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NostoNews, December 1, 2008
by Tommy Jasmin

Crooks among us

Yes, there are, I'm sad to say. How do the bad guys affect us in the world of collectibles? Let me count the ways...

Is it real or is it Memorex?

Whine all you want about the accuracy of the grades, the costs, and the turnaround times of the certification companies, but in many cases they are your best bet for buying something real. If preventing counterfeit U.S. currency has become such a difficult task, it will certainly be a lot easier to fake an old comic book or old coin.

The problem must be rampant on eBay, because the majority of cases I hear about are eBay purchases gone bad. In fact, when you list a coin for sale on eBay, on the final page you get a "Is this coin real?" warning notice - which seems a little odd the first time you see it. I have spoken to buyers who have purchased fake coins on eBay - they tell me most originate in Asian countries, and that they are getting harder to detect, as the counterfeiters continue to improve their skill. For example, they can counterfeit ancient coins in a way that artificially "ages" them, making detection by dating methods difficult. Clearly, someone is treating this as a serious business, as evidenced by the image below. You don't put something like this together in the average basement.



A counterfeit NGC holder, with an equally counterfeit coin!



The sleight of hand

I'm hearing of instances where slabs are carefully opened, and the item inside replaced with the same item in a slightly lower grade. The slab is then sealed back up to a level where casual inspection won't catch the tampering. I managed to contact one victim of this, and asked for details. They gave me an example of a CGC book they paid $1,300.00 for, and told me how the seller had somehow opened the case at the posts on the bottom, clean enough that there were no visible cracks or breaks. The inner well was then removed, slit open, a slightly worse book swapped in, and all sealed back up. In this case they were able to find and successfully charge the seller with fraud.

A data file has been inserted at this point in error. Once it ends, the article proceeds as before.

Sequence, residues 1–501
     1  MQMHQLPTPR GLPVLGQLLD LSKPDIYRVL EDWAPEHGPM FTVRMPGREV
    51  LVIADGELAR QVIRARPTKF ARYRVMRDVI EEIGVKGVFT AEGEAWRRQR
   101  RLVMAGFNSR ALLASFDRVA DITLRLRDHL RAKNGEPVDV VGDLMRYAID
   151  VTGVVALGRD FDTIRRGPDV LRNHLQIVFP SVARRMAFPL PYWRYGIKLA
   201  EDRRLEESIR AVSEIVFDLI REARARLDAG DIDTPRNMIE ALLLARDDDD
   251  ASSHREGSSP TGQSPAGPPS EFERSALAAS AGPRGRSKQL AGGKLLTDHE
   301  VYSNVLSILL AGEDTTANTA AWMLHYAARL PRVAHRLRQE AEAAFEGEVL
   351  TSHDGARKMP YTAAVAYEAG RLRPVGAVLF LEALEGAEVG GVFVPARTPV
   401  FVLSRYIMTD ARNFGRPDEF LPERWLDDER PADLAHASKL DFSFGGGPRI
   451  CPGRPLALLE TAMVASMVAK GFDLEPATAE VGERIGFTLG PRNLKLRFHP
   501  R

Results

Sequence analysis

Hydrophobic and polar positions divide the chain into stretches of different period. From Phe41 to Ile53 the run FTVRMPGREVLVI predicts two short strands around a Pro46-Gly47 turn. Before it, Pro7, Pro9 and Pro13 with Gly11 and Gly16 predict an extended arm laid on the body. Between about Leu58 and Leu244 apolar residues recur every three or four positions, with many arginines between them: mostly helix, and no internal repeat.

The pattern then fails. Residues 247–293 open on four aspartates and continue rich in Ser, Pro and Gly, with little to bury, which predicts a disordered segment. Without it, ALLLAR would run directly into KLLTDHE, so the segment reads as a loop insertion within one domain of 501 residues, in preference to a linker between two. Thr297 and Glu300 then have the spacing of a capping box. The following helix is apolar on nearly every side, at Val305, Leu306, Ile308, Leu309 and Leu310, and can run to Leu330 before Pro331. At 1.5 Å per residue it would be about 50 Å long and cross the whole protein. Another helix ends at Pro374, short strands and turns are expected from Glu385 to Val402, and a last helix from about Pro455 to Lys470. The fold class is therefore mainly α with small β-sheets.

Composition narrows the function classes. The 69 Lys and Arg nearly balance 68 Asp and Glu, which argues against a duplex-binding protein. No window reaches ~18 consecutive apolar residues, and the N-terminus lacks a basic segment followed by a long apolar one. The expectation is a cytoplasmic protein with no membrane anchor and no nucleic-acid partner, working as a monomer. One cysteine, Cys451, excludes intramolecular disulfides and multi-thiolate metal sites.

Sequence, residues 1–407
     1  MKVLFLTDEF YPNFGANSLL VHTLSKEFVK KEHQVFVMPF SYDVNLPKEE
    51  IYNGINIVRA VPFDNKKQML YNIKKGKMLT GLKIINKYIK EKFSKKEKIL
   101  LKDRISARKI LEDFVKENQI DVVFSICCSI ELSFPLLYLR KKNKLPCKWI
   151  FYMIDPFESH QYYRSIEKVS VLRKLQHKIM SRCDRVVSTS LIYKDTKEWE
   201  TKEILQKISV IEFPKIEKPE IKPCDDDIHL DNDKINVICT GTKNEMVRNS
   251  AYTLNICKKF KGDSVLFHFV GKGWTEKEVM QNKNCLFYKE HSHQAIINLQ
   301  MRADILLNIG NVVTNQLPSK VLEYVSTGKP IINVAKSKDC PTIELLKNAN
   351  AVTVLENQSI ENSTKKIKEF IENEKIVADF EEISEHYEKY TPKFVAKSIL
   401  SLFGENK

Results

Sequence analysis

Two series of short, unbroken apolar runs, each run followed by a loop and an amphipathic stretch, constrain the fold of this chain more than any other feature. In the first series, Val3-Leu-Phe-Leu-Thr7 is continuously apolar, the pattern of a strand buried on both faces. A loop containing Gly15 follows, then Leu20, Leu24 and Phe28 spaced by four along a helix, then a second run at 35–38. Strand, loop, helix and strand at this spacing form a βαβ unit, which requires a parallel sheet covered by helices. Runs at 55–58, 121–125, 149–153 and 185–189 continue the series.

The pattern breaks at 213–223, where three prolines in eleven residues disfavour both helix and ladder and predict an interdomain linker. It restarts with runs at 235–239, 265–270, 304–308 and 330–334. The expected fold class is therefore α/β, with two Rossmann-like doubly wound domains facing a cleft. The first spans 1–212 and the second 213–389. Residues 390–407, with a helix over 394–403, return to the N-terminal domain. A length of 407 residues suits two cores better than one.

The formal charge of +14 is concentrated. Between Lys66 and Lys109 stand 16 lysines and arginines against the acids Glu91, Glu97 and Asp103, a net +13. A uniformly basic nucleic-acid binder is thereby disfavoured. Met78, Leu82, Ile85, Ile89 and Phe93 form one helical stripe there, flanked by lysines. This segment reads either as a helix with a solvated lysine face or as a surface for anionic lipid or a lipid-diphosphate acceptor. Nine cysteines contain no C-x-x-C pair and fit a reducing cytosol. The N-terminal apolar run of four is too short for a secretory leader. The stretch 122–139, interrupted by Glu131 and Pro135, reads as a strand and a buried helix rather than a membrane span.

Now clearly, for a smart buyer this will be difficult to get away with, but you can't say you're surprised that crooks would at least attempt this. What the grading services need to do to thwart such efforts is make sure any attempt to tamper with the slab actually ruins the slab - similar to the effect of shattered laminated glass. I'm sure implementing something like this would be very costly though, and would drive already high grading costs prohibitively high.




The strong-arm

Do you think professional graders never hear bribes? Oh, you poor altruistic soul. Of course it happens, think of the incentive - on many items, an increase in one grade-notch could mean anywhere from tens to hundreds of thousands of dollars. Though I can't divulge the information, I am aware of actual instances of attempted bribery of professional graders. I am not aware of actual cases where the graders followed through, but we all know there is plenty of room for speculation here. There are countless documented cases of the same comic or coin getting different grades on subsequent submissions. And I don't mean from different grading services - we all know that's a crap-shoot. I ran a piece a few years back on how the coin grading services are all over the board. No, I mean when the same item is resubmitted to the same grading service. Now to be fair to the grading services, in many cases a) the difference is small enough you can argue it's just the subjective nature of grading. Hell, if you sit 20 comics or coins in front of me and make me grade them all now, and all again a week later, I guarantee there will be differences. And also, b) in many cases submitted items in question were "tweaked" slightly before resubmission, and the graders just didn't catch it. As I said earlier, it's getting harder and harder to detect restoration and fakes.



Always stretch the truth

I get so tired of hearing the word "guide" associated with pricing. It's only a guide. This word is so often used as both an excuse for inaccurate pricing, and a means to guide you away from your money. That's why we're all about actual sales here, and put a lot of effort into validating those sales. If you are a Nosto Premium Subscriber, and you drill down to Amazing Fantasy 15, you can be sure people really paid those prices for copies in those grades. Do you need more validation why this is important? I have seen strong evidence that many reported "sales", by certain large and well-known dealers, are in truth not sales, just artificial marketing hype - no items actually changed hands. I'll go you one further - I have seen references to comic books I have purchased myself, reported as actual sales by an Overstreet advisor, for much more than I paid for them. What kind of a taste does that leave in your mouth?



Burn me once, shame on you; Burn me twice, shame on me

I know at times I sound negative in general regarding professional grading services. Not the case - in fact, thank your deity of choice we have them, or our hobbies would be a real mess. I tell you... there's something to be said for provenance and original owner finds. And building trusting relationships over time. One thing about this month's subject that amazes me - how these buyers manage to get taken advantage of multiple times. I know when I go to conventions, I happily seek out the same handful of dealers, year after year. That peace of mind from knowing I am not getting screwed over is worth quite a bit these days.



Thanks, we'll see you all next month.

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